LONDON - Ford has been slowly shifting the center of its European activities from its traditional United Kingdom base to Cologne, Germany.
The shift began when James Donaldson became president of Ford of Europe on Jan. 1, 1998.
In making the move, Ford has been performing a delicate operation. It is moving European headquarters out of a market it dominates into one where it is much weaker.
The move is mostly complete and has resulted in the transfer of about 150 jobs, most of those the staffs of vice presidents who now operate out of Germany.
The company knows it needs to perform better in Germany, but Ford officials are wary of losing sight of the United Kingdom. Even though Ford is based in the United States, it is regarded as almost a domestic company in the United Kingdom and has long been dominant there.
Ford is showing some signs of weakening in the United Kingdom, where its market share has declined from 21.1 percent in 1995 to 17.7 percent so far in 1999. Ford has a market share of about 8 percent in Germany.
GERMAN SHARE VITAL
Ford believes that if it can succeed in Germany, it can succeed anywhere. It is a distant third to Volkswagen and Opel in Germany. The company believes it must increase share there in order to return European operations to profitability.
Ford argues it helps to be close to its competitors: Volkswagen, Opel, DaimlerChrysler and BMW. Also, as the auto industry expands eastward into the former Soviet bloc, Ford wants to be as close as possible to those emerging markets.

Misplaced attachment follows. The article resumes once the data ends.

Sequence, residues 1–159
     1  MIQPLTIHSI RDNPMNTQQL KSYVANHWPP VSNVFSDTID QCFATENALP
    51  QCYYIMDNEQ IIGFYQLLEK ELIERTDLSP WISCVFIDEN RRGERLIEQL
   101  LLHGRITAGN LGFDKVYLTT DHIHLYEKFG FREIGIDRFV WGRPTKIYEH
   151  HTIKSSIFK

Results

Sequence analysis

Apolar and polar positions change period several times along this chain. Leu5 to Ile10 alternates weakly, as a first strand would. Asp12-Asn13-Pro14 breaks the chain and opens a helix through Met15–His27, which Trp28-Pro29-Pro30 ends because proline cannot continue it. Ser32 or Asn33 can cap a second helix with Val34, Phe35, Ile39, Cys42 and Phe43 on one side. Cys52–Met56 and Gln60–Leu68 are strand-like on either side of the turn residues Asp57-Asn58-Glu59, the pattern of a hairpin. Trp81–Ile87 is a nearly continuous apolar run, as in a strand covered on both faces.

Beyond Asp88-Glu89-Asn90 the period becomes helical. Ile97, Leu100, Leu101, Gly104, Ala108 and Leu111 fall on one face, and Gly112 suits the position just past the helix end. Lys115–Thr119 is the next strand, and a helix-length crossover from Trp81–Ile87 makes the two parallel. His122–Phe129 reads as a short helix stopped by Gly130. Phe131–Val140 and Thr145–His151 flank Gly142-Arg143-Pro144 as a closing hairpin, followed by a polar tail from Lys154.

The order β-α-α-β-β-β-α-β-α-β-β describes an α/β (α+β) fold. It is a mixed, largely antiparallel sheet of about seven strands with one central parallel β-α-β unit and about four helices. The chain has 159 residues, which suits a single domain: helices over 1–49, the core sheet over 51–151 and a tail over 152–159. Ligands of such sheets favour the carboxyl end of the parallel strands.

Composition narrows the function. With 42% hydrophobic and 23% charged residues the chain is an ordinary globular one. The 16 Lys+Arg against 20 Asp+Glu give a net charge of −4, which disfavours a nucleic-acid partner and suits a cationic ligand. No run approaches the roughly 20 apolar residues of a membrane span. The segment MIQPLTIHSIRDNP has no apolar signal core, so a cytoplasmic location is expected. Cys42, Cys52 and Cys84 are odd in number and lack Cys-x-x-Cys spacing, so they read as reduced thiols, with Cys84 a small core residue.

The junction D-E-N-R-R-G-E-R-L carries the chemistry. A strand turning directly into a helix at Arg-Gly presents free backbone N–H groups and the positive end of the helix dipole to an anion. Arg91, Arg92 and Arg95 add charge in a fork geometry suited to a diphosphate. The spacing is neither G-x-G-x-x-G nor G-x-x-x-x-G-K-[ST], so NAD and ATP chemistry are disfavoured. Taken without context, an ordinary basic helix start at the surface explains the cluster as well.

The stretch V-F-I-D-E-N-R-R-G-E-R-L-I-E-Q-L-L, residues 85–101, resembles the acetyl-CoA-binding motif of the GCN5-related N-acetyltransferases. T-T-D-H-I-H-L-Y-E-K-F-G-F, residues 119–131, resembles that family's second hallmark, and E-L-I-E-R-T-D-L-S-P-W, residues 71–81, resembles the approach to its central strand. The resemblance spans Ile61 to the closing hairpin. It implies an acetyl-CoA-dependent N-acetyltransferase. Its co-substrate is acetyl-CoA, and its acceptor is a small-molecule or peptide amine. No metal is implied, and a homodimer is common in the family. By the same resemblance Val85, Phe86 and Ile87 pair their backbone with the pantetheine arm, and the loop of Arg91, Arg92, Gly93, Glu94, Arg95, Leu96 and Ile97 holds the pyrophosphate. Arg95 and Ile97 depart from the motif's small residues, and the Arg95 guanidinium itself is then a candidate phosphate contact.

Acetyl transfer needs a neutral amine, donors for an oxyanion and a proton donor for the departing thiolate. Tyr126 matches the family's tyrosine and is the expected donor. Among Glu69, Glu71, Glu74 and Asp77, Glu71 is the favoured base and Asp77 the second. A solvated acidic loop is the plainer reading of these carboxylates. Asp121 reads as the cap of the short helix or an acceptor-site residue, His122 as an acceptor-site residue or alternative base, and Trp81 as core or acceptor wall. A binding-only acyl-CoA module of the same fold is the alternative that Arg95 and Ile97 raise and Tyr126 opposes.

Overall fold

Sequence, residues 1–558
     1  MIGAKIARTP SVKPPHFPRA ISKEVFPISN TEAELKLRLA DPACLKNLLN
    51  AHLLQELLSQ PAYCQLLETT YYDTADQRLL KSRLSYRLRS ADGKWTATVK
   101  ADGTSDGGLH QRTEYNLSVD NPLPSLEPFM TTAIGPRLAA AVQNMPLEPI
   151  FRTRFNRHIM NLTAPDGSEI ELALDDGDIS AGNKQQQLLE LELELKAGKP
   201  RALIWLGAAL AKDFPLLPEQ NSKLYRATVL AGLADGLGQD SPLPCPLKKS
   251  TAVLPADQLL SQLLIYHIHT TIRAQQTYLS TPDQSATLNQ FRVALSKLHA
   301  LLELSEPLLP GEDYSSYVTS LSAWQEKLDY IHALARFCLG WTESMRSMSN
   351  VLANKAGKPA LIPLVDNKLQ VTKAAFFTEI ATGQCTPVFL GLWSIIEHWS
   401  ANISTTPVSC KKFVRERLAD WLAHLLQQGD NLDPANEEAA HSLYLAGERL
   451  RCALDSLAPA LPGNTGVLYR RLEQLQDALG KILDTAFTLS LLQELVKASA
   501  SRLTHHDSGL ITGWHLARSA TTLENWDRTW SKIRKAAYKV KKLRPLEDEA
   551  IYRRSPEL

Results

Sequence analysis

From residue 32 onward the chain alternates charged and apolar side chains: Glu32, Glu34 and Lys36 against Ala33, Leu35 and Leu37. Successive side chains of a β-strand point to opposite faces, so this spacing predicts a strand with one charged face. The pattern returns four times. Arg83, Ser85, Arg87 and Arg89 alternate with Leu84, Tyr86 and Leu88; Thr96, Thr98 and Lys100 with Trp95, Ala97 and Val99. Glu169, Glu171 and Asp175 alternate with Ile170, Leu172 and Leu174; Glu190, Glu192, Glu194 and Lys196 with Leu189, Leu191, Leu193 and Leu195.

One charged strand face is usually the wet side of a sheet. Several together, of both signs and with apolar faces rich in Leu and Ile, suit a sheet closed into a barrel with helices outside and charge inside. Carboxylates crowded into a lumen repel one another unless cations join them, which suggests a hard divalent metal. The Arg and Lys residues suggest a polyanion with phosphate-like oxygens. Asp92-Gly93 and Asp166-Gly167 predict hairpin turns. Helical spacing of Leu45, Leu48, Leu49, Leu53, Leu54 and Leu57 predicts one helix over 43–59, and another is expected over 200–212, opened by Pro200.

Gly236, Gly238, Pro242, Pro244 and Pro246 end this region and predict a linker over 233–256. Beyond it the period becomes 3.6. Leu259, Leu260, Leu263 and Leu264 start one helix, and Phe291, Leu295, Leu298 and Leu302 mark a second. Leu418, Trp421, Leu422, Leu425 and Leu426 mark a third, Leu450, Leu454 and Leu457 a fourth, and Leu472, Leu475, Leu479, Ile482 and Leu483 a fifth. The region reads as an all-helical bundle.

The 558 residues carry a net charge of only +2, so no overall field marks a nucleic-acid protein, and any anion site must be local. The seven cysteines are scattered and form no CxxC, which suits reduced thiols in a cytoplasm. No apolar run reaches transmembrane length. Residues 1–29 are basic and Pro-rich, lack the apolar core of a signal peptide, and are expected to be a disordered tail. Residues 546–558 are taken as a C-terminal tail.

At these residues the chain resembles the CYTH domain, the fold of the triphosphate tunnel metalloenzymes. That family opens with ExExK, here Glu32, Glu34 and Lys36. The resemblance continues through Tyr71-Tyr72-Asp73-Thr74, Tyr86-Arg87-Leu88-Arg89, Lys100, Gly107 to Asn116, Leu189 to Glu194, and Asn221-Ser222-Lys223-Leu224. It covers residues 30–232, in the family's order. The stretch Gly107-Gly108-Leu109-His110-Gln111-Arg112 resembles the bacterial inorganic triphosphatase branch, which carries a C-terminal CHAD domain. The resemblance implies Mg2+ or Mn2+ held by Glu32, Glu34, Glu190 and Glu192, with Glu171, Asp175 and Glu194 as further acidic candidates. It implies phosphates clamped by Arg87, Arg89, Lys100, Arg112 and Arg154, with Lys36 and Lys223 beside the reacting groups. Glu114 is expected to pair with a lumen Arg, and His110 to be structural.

Nick Scheele, new president of Ford of Europe, is aware of the dilemma. He has decided to keep an office in Ford's old European headquarters at Warley, United Kingdom, even though his primary office is in Cologne.
Ford retains 28,000 jobs in the United Kingdom, including about 4,000 at the small-vehicle center in Dunton. Ford splits its small-vehicle development between Dunton and Merkenich, near Cologne. Dunton is responsible for developing diesel engines, minis and superminis while Merkenich handles gasoline engines, lower-medium and upper-medium vehicles.
DISAPPOINTED WITH MOVE
Tony Woodley, chief negotiator for the Transport and General Workers Union, the largest British automotive union, said he is watching Ford's moves with concern.
'We are extremely disappointed Ford has once again decided for whatever reason to ditch the U.K.,' he said.
Ford's decision not to make the new Focus in the United Kingdom at Halewood disappointed workers, although its predecessor, the Escort, will continue to be manufactured there until 2000, and the new Jaguar X400 will be made there after that.
Woodley does not believe the shift to Germany has made any difference to Ford's United Kingdom market share, but he worries that it could adversely affect Ford investment in the United Kingdom long term.
Ford officials point out they have continued investing in the United Kingdom, including an average of £320 million, or about $513 million, annually at Dunton the past few years. Ford is also investing £468 million, or about $750 million, to refurbish its Dagenham plant. The company will increase capacity there and add 2,000 jobs.
John Lawson, auto analyst for Salomon Smith Barney in London, believes the location of Ford's European headquarters is probably not a big issue.
'The truth is that standards for the European auto industry are set in Germany, and of course we Brits don't like it,' said Lawson. 'That (Germany) is where the preponderance of the European industry is.'